Pauling collection now includes 1960 data

Descriptions of nearly 8,000 documents as well as 54 illustrations and 88 full-text transcripts, all dating to the year 1960 are the latest addition to the growing “Linus Pauling Day-by-Day” project.

The “Linus Pauling Day-by-Day” is a constantly-expanding resource that provides in-depth description for a substantial portion of the half-million item Ava Helen and Linus Pauling Papers.
1960 was a difficult year for Linus and Ava Helen Pauling, one marked by two especially-harrowing incidents. At the end of January 1960, having become lost while walking near his coastal home, Pauling was forced to spend nearly 24 hours trapped on a cliff some 300-feet above the Pacific Ocean. Pauling didn’t suffer physical harm but the experience left him shaken.

An even greater source of stress emerged in the early summer, when Pauling was summoned to testify before the United States Senate Internal Security Subcommittee. Suspicious of Pauling’s peace activities, the subcommittee demanded that Pauling reveal the names of those individuals who assisted both he and his wife in their circulation of the famous United Nations Bomb Test Petition.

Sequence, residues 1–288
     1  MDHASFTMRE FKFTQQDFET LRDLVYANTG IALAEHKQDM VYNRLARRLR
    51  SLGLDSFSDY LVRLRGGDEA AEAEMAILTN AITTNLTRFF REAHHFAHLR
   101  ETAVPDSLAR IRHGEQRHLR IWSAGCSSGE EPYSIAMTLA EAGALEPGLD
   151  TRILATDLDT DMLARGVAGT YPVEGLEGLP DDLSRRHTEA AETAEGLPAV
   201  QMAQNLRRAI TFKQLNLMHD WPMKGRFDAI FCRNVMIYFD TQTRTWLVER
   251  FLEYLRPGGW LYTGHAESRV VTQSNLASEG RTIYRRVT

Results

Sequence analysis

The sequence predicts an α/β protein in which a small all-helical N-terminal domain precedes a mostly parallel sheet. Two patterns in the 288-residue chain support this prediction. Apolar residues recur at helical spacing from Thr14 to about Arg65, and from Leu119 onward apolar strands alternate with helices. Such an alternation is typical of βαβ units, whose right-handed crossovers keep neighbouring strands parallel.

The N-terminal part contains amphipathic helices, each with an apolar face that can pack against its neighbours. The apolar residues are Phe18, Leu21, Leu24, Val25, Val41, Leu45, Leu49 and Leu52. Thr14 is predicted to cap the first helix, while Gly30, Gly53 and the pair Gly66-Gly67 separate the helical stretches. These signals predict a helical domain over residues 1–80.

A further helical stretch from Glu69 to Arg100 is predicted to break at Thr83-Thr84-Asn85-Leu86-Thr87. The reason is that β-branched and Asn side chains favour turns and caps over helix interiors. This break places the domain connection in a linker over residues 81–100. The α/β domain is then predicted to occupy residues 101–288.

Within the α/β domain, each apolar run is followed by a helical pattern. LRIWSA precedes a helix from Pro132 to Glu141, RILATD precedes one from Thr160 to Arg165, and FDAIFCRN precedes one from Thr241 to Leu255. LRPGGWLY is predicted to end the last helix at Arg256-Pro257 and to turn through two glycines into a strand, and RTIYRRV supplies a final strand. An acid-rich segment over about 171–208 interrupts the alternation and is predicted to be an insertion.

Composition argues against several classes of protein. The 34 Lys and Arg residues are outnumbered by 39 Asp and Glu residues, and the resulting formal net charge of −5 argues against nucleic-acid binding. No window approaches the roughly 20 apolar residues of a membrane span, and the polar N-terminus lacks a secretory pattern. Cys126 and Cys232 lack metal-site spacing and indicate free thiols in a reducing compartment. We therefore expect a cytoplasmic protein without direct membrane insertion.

Though threatened with imprisonment for contempt of Congress, Pauling refused to divulge the requested information.

After two tense hearings and a great deal of media attention, the subcommittee ultimately relented, and Pauling was not penalized.
As with all of the years featured in “Linus Pauling Day-by-Day,” the 1960 release is comprised of thousands of text summaries, multi-page illustrations and transcripts of items held in the Ava Helen and Linus Pauling Papers.

The on-line project began in 1999, when the OSU Libraries Special Collections launched an ambitious undertaking that seeks to closely-document virtually every day of Linus and Ava Helen Pauling’s lives.

This huge amount of data is presented in calendar form. Index pages created for each year of the Day-by-Day calendar provide an overview of the major events in the Paulings’ lives, a full accounting of their travel and snapshots from their various adventures at home and abroad.
Within the calendar, cross-referenced summaries of tens of thousands of documents are accompanied by weekly illustrations and a growing cache of full-text correspondence transcripts.

The product of all this information is a resource that provides unprecedented access to the daily activities of both Pauling as well as the many important figures with whom he communicated.

With the inclusion of the 1960 content, the project now boasts of well-over 76,000 activities listings, 1,700 illustrations and 2,000 transcripts.
To learn more about the project, see

~ Cliff Mead

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